I would argue that every single woman in our society has some level of body dysmorphia. How could she not when she is bombarded again, and again, and again with information telling her that she is not good enough.

And not only is she not good enough.

She never will be.

If our society sustains its current standards of what ‘beauty’ looks like… that ‘she’, that tiny baby with her perfect earlobes… she will never in her life, win the fight against her own reflection. And I for one, am so sad about that.

A Deafening Silence

I am currently sitting on my hospital bed, listening to the sounds of my neighbour have a dangerously heated argument.

I could not tell you who she is arguing with.

I have not seen them.

To me, they are not real.

I can only begin to imagine how completely frightening it would be, for this monster inside my head, to make a full blown debut onto a three dimensional screen that only I can see. For Him to be, for all intents and purposes, real.

This got me thinking… this ‘invisible’ illness… how invisible is it?

I think there is often a huge pressure placed on people with so called, ‘silent illnesses’ to prove how sick they are. But the more I look around, the more I realise that, whilst these illnesses are ‘mental health’ related; they, too, just like any other illness have obvious and often debilitating physical symptoms.

It could be argued that the most ‘silent’ factor is, in fact, society. “It is an odd paradox that a society, which can now speak openly and unabashedly about topics that were once unspeakable, still remains largely silent when it comes to mental illness.” – Glenn Close

I have certainly noticed a divide in the treatment team during my admission. Whilst some health care professionals are supportive, empathetic, inclusive, and respectful, there are those who are quite openly dismissive, punitive, and patronising. As if, somehow having a chemical imbalance in your brain, automatically equates to you being some sort of simpleton.

I saw a wonderful quote by Lonely Lotus the other day, that read, “if mental illness could be seen on a sufferer, maybe society wouldn’t just say ‘get over it'”. However, I would challenge this quote after what I have seen, and after what I have been through on my own journey. This illness can be seen on the sufferer. I have scars; scars that have nearly killed me. I have rashes, nausea, weight loss, insomnia, cold sweats, blood noses, and bruises. I lose consciousness regularly.

 

If you can look at me, and draw the conclusion that I am well; then I fear that it is either you, who are a smidge ‘simple’, or a quick trip to Specsavers may be in order.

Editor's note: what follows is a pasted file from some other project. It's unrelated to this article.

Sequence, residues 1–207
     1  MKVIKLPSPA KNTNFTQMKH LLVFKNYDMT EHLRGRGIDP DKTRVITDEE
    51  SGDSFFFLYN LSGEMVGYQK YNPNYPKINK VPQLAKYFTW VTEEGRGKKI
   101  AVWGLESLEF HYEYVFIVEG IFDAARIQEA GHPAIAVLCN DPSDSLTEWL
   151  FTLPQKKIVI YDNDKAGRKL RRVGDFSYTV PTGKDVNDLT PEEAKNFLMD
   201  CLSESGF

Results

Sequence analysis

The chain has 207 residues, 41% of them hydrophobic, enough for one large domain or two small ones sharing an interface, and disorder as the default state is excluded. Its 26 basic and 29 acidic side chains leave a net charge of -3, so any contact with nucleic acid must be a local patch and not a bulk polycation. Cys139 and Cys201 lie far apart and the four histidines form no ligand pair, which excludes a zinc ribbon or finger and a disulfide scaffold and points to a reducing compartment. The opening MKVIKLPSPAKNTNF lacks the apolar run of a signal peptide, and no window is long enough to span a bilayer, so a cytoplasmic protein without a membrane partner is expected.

Yet, on so many levels, this illness is not taken seriously. Don’t get me wrong; since my admission I have had the absolute privilege of being looked after by some absolutely stellar nurses, lovely support staff, and an amazing psychiatric/therapy team. But there are also definitely those who clearly either do not fully understand mental health, fail to have/show the appropriate empathy, or are just outright condescending to patients.

The maintenance, or lack of, in the unit also sends an undercurrent message that our illness isn’t a priority on any level. You can walk into most of the bedrooms and literally see the pain that has lived in there. From the scratches across mirrors, where people have attempted to erase their own reflections, to the scraping at walls, where people have tried to claw their way out of their own skin. It is, in all honesty, enough to make someone depressed in some senses of the word.

 

We are not ‘crazy’. We are sick. And we are not our illness. I have played cards with the most beautiful girl, with the most awful rope burns around her neck. I eat dinner, and make jokes, and laugh with ladies that have bandages covering both wrists. I have watched a patient with hallucinations, create the most incredible artwork. And anyone who knows me, knows I love a good debate; and that guy with the uncontrollable anxiety? He knows how to hold his own in an argument.

We are fighting illnesses. Just like every other patient, on every other ward. Our illnesses are visible. You just have to take a second to look. And on that note, I have to say I agree with this twitter user; “I don’t think suicidal people get enough credit for not acting on their suicidal thoughts. This is for all of you who have survived the urge to end your life, either coming out the other side, or still fighting to stay alive. I have noticed that when someone has a physical illness, such as cancer, and they come out the other side or into remission, they are able to celebrate surviving. I think the survivors of being suicidal should celebrate too.”